Neighbors rescue Avon man trapped under car
A central Indiana man has a second chance at life after a horrifying experience with a 5,000-pound car.
Despite needing crutches to get around Wycham Lewis of Avon believes he cheated death.
Wycham and his wife Joan Wright-Lewis spent part of the weekend at the WTHR Health & Fitness Expo. Then they spend the rest of the weekend preparing their home for one of their daughters' birthday party. When their daughter arrived at the house from Muncie, she informed Lewis the parking brake in her 1993 Lexus LS-400 was sticking.
Wycham did what any dad would do and decided to check it out before the birthday party started.
Lewis jacked up the car, put the jack stand in place and climbed under. He jiggled a cable while under the car and that's when he believes he may have accidentally pulled the gear into neutral causing the car to roll.
"The car came down and slammed me, you know, and held," he sighed. "It was not cool."
Lewis kept his cool, but yelled for help repeatedly.
"'Help!' I would just say 'Help!' I mean, I was yelling so loud," Lewis said. "I saw my neighbor's daughter on her bike and I yelled, 'Run in the house and get your dad and tell him I am trapped under the car!'"
The car weighed about 5,000 pounds. Lewis showed how he turned sideways to protect his chest and lungs.
After about five minutes, neighbors Steve Wyatt and Mike Sinclair rushed to the rescue. Wyatt lives across the street and eventually the yelling got his attention. He took off running toward his trapped neighbor without putting on any shoes or grabbing an umbrella for the light rainfall.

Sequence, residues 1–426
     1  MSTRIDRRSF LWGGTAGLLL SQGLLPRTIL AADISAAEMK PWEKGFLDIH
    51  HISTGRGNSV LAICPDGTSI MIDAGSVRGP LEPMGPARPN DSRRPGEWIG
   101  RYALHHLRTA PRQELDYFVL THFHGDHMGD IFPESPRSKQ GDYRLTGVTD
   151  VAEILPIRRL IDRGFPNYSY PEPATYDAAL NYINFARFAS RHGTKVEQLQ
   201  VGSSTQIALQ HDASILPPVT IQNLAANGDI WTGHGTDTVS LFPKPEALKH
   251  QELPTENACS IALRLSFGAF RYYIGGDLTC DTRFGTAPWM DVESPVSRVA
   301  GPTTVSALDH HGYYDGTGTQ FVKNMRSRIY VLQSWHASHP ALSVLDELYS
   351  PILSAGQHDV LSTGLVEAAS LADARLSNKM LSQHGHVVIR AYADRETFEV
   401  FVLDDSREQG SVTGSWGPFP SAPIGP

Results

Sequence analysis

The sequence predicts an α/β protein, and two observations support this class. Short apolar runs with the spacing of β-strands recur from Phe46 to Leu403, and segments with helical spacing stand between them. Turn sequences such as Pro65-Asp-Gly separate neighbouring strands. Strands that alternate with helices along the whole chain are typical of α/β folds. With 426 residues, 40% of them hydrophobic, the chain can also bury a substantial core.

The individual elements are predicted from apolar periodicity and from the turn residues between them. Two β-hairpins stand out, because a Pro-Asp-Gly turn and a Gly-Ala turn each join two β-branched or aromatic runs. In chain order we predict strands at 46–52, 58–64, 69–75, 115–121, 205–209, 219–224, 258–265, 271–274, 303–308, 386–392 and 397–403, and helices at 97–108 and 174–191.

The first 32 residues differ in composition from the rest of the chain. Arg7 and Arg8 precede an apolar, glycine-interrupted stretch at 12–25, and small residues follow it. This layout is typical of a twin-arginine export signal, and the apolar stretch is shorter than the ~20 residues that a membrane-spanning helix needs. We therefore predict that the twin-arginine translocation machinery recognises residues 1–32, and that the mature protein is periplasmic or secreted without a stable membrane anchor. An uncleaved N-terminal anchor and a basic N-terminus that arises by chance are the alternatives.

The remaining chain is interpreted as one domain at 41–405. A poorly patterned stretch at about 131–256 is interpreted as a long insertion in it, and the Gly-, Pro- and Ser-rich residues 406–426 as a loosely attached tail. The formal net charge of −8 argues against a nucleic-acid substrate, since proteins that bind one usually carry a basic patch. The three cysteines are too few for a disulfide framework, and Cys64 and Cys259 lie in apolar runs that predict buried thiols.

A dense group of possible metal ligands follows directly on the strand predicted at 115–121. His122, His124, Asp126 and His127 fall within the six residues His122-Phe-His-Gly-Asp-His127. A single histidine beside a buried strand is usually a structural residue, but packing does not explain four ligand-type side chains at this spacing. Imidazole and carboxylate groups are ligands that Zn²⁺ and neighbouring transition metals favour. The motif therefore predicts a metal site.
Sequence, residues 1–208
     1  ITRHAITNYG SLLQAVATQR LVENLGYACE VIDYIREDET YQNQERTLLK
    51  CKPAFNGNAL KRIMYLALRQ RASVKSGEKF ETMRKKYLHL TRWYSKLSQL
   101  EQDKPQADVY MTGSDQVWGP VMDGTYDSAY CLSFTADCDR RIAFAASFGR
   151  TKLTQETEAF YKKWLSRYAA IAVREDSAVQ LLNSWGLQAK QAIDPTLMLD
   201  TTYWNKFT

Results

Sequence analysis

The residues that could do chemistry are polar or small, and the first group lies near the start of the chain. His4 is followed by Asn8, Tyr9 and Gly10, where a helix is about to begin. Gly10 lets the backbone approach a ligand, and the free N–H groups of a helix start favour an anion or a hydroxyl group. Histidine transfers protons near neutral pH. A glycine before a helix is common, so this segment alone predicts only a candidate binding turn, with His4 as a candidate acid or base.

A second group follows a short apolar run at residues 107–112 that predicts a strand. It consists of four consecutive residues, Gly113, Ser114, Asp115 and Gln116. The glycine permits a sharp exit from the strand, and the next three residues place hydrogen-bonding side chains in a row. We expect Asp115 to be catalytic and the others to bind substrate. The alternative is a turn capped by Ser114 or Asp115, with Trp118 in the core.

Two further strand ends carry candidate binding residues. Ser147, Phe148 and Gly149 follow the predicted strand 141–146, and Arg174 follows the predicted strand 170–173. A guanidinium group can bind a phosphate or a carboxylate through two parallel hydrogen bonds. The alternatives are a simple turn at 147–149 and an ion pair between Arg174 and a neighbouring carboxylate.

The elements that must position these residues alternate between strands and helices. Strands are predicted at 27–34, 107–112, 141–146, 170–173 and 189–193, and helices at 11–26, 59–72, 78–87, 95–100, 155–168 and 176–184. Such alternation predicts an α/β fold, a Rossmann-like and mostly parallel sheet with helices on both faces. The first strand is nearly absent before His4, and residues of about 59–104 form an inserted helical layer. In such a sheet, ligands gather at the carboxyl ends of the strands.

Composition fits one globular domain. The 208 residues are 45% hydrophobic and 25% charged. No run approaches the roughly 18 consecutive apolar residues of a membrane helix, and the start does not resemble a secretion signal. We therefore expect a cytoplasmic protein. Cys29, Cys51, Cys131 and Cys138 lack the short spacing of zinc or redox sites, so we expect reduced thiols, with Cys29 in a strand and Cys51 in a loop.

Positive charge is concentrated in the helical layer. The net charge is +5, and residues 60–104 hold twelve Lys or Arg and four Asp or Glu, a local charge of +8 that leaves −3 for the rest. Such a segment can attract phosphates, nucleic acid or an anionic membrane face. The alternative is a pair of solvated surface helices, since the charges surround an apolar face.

"Our other neighbor Mike, he ran out and lifted up on the front of the car while I got the jack and got it jacked up and got him from under the car and called for help," Wyatt said.
Wyatt said he feared that Lewis would be dead by the time they got the car off of him.
Being under a car is nothing new for Lewis, who works as a mechanic.
"I have been doing this almost all my life. This is the first time this has happened to me," he said.
His wife, who is a published author, is usually a calm, cool and collected person. But once she noticed all the commotion outside their home, saw her husband emerge from under the car with his rescuers standing by, she panicked.
"I knew he was outside and even opened the front door, but went back to preparing for the birthday party. I feel bad that I could not hear him yelling for help, but I had no idea he planned to get under the car to check the parking brake," Wright-Lewis said.
Now, his wife has advice for anyone working under a car.
"If you are going to do something like change the oil, let someone know you are going to be under there to check," Wright-Lewis said.
"I was supposed to be dead. I do not know what God has in store for me," her husband said.
Lewis didn't suffer any broken bones. He calls his neighbors "superheroes," who are normally away from home on Sundays.
He will be on crutches for awhile as he recovers from extreme body soreness from being under the weight of the car.